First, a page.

Satellite Image, Photo of Hispaniola (Isla de Santo Domingo)

Hispaniola (Isla de Santo Domingo), Greater Antilles December 1993. This low-oblique, north-looking photograph provides an excellent view of Hispaniola—discovered by Christopher Columbus in 1492—the second-largest island in the West Indies. Situated between Cuba and Puerto Rico (to the west and east, respectively) and the Atlantic Ocean and the Caribbean Sea (to the north and south, respectively), Hispaniola covers 29 530 square miles (76 480 square kilometers). Two main features of this mountainous terrain are the Cordillera Central, the backbone of Hispaniola, and the Enriquillo, a cul-de-sac depression. The Cordillera Central, formed from a checkered array of volcanic, metamorphic, and sedimentary rocks, presents a maze of peaks and ridges with flat-bottomed intermontane valleys. Its highest peak rises 10 417 feet (3177 meters) in the east-central part of the island. The Enriquillo, a rift valley that was once a maritime strait, has some interior dry surface below sea level that is covered by large salt lakes such as Lago de Enriquillo and Etang-Saumâtre. The first New World settlement was established in 1493 near the modern city of Cap-Haïtien, Haiti, on the north coast. With the island’s subtropical climate and abundant year-round rainfall, agriculture (coffee, cocoa, and sugarcane) flourishes..
Source: National Aeronautics and Space Administration - NASA/JPL/NIMA

Satellite Image, Photo of Lake Enriquillo, Dominican Republic

Lake Enriquillo, Dominican Republic September 1993. The only saltwater lake in the world inhabited by crocodiles, Lake Enriquillo can be seen in this near-nadir looking view. Lake Enriquillo is located in a rift valley that extends 79 miles (127 km) from Port-au-Prince Bay in Haiti in the west (not visible on the image) to near Neiba Bay in the Dominican Republic in the east (not visible on the image). The rift valley, a former marine strait, is 9 to 12 miles (15-20 km) wide. Known as the Cul-de-Sac Depression in Haiti and the Hoya de Enriquillo in the Dominican Republic, parts of the rift valley are below sea level and are covered by large salt lakes. Lake Enriquillo covers an area of 102 sq. miles (265 sq. km) and is the lowest point in the Caribbean falling 144 feet (44 meters) below sea level. Its drainage basin includes ten minor river systems. The rivers that rise in the Neiba Mountains to the north (lower center and lower right of the image) are perennial. Those rivers that rise in the Baoruco Mountains to the south (upper center and upper left of the image) are intermittent. Lake Enriquillo has no outlet. The lake’s water level varies because of the high evaporation rate. Earthquakes in the region are common. Just above the right center of the image, the other salt lake in the rift valley, Etang Suamatre located in the country of Haiti, is visible..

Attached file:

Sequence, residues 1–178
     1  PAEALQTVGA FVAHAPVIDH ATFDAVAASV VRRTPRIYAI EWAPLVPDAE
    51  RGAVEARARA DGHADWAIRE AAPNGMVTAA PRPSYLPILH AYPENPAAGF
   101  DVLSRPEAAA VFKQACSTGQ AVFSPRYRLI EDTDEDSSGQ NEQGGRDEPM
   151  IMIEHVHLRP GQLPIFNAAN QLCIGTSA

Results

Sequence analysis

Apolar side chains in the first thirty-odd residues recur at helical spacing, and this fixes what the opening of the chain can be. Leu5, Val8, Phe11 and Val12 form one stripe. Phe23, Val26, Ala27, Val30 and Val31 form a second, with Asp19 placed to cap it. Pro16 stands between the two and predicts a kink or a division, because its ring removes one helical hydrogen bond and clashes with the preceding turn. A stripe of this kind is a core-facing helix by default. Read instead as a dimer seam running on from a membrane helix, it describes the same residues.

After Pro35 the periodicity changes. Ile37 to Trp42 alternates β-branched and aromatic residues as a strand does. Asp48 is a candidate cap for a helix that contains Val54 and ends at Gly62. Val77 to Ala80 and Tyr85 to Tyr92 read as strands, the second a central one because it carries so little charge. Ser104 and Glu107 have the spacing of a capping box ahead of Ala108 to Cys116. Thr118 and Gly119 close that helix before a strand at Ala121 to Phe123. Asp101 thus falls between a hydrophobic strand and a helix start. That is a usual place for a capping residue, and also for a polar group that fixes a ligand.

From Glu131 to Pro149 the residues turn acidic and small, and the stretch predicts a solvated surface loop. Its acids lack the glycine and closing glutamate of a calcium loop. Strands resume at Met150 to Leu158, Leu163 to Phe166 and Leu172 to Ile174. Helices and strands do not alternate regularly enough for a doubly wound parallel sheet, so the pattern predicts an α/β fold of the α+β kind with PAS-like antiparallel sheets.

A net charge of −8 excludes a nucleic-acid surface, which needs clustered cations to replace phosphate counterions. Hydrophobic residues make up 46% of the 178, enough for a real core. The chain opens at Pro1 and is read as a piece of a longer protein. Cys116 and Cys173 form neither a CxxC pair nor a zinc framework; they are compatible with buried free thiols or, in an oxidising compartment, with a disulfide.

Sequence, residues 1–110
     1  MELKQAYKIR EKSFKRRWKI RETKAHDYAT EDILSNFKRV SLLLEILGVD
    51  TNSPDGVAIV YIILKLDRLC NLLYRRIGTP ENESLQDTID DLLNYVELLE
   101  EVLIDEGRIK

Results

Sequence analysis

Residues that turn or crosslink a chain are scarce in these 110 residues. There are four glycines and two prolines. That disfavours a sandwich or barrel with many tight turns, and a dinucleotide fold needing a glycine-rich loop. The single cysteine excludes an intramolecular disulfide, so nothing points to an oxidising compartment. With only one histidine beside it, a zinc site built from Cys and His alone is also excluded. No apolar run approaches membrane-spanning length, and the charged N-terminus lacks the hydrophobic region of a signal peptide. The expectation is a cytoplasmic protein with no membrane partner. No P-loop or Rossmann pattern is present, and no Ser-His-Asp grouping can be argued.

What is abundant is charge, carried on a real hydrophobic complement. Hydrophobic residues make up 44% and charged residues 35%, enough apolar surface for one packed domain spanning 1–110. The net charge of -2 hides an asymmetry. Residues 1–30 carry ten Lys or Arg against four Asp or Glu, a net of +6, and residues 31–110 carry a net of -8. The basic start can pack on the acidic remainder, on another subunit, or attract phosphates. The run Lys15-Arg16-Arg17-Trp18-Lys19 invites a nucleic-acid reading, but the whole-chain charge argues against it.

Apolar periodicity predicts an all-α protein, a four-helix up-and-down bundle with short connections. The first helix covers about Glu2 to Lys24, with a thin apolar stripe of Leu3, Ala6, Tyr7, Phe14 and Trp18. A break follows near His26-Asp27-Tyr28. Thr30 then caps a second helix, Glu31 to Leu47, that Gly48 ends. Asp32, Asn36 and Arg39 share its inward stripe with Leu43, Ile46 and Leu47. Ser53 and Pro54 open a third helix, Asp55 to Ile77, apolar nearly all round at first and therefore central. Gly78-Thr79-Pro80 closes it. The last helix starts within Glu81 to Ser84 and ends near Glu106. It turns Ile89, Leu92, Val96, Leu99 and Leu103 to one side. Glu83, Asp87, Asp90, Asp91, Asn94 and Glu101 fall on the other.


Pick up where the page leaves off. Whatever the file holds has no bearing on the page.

Source: National Aeronautics and Space Administration - NASA/JPL/NIMA

Satellite Image, Photo of Enriquillo Plain, Dominican Republic

Enriquillo Plain, Dominican Republic September 1993. This near-nadir view shows the eastern portion of a rift valley that extends 79 miles (127 km) from Port-au-Prince in Haiti (not visible on the image) to Neiba Bay (left center of the image) in the Dominican Republic. The rift valley, a former marine strait, is referred to as the Hoya de Enriquillo in the Dominican Republic and the Cul-de-Sac Depression in Haiti. This portion of the rift valley in the Dominican Republic is 12 miles (20 km) wide. Rincon Lake, a shallow salt lake, is discernible near the center of the image. Agriculture is prominent on the valley floor. The city of Barahona is discernible on the south shore of Neiba Bay near the left center of the view. Over the last decade or so, tourism has become a major industry in the region. The long runway of the Barahona Airport is also visible just to the southwest of the city. Scattered clouds cover the Baoruco Mountains to the south (upper portion of the image) of the Hoya de Enriquillo..
Source: National Aeronautics and Space Administration - NASA/JPL/NIMA

Tropical Storm Jeanne (11L) over the Dominican Republic

Tropical Storm Jeanne briefly reached hurricane strength as it passed over the Dominican Republic on September 16, 2004. The storm had previously dumped up to 23 inches of rain on Puerto Rico, triggering floods which resulted in at least two deaths, according to the Associated Press. This Moderate Resolution Imaging Spectroradiometer ( MODIS ) image was captured by NASAs Aqua satellite at 17:55 UTC, 1:55 p.m. in the Dominican Republic, on September 16 while Jeanne remained a hurricane. At the time, the storm had sustained winds of 120 kilometers per hour (75 mph) with stronger gusts, and was moving west at 11 km/hr (7 mph). Jeanne degraded into a tropical storm after its encounter with the island of Hispaniola, but was expected to return to hurricane strength as it moved back over open waters. The National Hurricane Center expects the storm to move northwest over the southern Atlantic coast of the United States in the next week. Jeanne is the tenth tropical storm of the 2004 Atlantic hurricane season.
Source: Jacques Descloitres, MODIS Rapid Response Team, NASA/GSFC